Bad Jazz

Written by Robert Farquhar, Directed by Gordon Anderson
Drum Theatre Plymouth and Actors Touring Company
Unity Theatre (3rd-5th April 2007)

Reviewed by Hana Leaper

Bad Jazz could be about the search for meaning in art and purpose in life, the individual's creation of their map and their story; or maybe about emotional voyeurism, the manipulation of other's hopes, dreams, fears; perhaps about the psychology of artistry – the abnegation of identity, moral standards and physical comforts subsumed to the cause of capital A art. It shows buttons being pushed and pushes viewers’ buttons; big questions are suggested, which cannot help but echo on. However, in terms of audience management, not stopping for an interval is a good move. Given the opportunity, I admit, I'd have legged it. Not through a fear of confronting any resident demons, but because this seems a rather sad, farcical way to face them. These themes are better explored in works containing some idea of redemption - that's not necessarily to say works with a happy ending, but works in which the characters appear to have souls. Bad Jazz is purposefully, sordid, melodramatic and messy without hope or dignity or even evil.

Based around the staging of a play in which a pretentious, morally dubious, formerly big-time director whose personal life is in crisis, 'nurtures' an annoyingly eager-to-please, wannabe actress whose personal life is in crisis; a distressingly dense wannabe actor, whose life is in crisis; and a first-time, unstable writer, whose life is in crisis. This meta-play doesn't worry about subtlety. We're subjected to relationship failure, fellatio, drug taking, prostitution (female and male), suicide, murder, vomit, spit, violence etc. It's like EastEnders, except, at some point the writer, possibly acknowledging it's meant for theatre not soap opera has decided to turn the gore into some kind of self-referential process of questioning the values of staging theatre. So, it’s relevant, but not edifying. Full of shortcuts. But do we need theatre to be enlightening, or is it all the better for reflecting our own state of indecision, of dis-clarity? I know what I prefer, but the question there is, is that simply because I don't want to face the reality that my own existence is petty, messy, violent? Do I seek big concepts that I'm able to cleanly analyse to save myself contemplating the frustrating insignificance of my own existence? Although this is undoubtedly the least enjoyable piece of theatre I've seen as well as the worst, perhaps it was the most successful and worthwhile seeing because it makes no case for the possibility of personal growth; depicting humanity, as it would for the most part, seem.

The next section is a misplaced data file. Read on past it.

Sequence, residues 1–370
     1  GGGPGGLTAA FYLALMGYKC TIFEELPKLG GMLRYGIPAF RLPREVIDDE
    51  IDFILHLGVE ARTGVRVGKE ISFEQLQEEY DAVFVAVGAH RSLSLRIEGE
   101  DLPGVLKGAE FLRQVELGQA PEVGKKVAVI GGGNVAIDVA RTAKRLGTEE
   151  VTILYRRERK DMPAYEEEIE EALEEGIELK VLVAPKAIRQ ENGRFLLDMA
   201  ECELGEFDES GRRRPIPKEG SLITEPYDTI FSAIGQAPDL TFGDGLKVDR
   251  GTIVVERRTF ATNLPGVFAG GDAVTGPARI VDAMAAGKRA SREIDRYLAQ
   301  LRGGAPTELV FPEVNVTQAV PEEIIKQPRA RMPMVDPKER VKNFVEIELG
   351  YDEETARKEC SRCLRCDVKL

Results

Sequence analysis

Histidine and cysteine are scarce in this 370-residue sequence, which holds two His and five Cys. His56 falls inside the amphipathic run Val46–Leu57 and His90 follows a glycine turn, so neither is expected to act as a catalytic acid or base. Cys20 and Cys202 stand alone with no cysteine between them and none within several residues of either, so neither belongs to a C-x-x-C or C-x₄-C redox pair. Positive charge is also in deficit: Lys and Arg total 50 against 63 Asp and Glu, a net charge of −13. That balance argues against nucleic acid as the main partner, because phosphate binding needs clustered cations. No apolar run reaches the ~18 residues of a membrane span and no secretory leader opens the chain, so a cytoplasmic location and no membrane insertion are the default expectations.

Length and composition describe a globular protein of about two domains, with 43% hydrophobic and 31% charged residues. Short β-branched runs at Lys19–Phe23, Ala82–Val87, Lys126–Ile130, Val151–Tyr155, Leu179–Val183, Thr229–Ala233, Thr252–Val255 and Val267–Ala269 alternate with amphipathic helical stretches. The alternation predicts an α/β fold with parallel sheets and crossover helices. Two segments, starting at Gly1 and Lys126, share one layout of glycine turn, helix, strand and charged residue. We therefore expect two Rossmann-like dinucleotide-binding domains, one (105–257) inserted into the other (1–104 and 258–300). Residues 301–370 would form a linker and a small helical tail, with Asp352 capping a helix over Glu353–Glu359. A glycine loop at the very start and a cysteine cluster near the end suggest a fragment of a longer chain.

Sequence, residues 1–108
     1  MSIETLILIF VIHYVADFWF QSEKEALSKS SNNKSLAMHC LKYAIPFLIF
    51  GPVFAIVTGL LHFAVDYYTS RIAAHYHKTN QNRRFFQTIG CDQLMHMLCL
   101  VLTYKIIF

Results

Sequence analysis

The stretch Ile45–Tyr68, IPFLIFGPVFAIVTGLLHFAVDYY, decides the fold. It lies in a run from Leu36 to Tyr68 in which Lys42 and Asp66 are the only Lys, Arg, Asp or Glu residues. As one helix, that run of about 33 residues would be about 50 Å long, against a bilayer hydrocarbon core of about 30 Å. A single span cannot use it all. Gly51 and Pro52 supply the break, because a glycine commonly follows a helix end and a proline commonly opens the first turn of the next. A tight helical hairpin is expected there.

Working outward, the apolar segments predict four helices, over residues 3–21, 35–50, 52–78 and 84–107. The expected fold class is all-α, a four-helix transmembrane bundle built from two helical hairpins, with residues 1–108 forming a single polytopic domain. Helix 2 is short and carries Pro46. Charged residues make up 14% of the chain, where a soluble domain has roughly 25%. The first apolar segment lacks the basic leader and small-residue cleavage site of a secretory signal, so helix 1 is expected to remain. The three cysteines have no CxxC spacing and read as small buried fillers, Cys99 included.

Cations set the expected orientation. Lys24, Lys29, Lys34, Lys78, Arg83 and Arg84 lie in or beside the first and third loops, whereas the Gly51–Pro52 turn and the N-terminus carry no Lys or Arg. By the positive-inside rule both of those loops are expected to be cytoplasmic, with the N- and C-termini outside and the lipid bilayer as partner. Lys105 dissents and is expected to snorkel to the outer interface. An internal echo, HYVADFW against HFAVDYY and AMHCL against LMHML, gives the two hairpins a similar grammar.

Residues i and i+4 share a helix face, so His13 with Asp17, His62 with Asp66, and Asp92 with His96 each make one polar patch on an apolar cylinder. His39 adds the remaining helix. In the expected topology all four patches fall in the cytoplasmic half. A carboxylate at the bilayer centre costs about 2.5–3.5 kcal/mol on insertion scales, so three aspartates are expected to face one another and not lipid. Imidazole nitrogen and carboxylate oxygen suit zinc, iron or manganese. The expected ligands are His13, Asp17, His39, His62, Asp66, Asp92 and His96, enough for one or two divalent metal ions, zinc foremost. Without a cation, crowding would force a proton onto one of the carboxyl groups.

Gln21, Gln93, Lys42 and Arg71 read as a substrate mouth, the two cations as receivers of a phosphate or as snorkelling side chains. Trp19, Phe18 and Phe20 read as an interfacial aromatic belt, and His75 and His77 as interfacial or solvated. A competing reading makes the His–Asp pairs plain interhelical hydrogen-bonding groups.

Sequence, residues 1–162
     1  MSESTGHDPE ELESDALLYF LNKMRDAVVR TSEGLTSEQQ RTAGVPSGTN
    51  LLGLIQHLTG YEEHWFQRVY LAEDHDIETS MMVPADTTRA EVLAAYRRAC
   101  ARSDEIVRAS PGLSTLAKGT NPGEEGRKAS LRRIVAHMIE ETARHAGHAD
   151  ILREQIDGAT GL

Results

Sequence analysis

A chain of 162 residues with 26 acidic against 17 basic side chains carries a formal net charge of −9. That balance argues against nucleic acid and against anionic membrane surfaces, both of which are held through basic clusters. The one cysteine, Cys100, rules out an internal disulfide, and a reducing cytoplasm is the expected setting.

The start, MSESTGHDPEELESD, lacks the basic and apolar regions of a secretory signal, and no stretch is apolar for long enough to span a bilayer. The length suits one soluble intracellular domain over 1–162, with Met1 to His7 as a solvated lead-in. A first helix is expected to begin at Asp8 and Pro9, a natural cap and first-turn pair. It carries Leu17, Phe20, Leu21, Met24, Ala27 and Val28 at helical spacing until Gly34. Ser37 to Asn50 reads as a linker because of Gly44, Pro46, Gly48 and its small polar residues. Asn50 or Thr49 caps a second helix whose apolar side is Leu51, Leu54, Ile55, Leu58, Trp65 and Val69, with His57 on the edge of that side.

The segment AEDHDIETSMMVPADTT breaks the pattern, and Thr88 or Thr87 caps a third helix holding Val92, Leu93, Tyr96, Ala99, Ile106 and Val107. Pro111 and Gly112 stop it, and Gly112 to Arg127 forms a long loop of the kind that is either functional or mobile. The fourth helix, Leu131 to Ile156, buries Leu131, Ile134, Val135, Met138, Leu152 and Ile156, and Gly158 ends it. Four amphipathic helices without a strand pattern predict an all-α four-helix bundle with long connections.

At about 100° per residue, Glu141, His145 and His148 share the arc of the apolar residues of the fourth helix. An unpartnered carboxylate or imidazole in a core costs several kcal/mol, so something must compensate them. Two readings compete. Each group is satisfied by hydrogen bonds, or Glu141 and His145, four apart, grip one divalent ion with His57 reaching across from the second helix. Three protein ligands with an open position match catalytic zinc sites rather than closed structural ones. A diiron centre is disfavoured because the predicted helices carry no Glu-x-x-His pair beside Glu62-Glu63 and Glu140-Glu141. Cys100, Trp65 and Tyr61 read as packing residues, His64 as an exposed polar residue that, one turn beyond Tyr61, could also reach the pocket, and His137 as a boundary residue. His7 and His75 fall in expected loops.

The name, Bad Jazz, by the way, is taken from the soundtrack of disjointed, schizophrenic jazz playing in rehearsals to the main male character's psychotic breakdown. It is always cued up wrong and plays through the culmination of the on-stage violence, externalising, I suppose, all our chaotic, attention-seeking, squalling demons in sound form.

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Comment left by Barry Davies on 16th April, 2007 at 21:42
What on earth is this review? Did they see the same show I did? Did they not realise it was a comedy? I thought Bad Jazz was an extremely clever, and savage satire about modern theatre. And weirdly moving as well at the end. I have had to read this several times to try and elicit what this person means.

Comment left by Susan Leopold on 19th April, 2007 at 10:32
My feeling is that the reviewer is in trouble personally, and this stopped her seeing the same piece of theatre as the rest of the audience. the night i saw it people understood the play, enjoying it,laughing, and we spent hours afterwards talking about it. One friend who had become disillusioned about theatre said he would go more if all plays were as fantastic as bad jazz.

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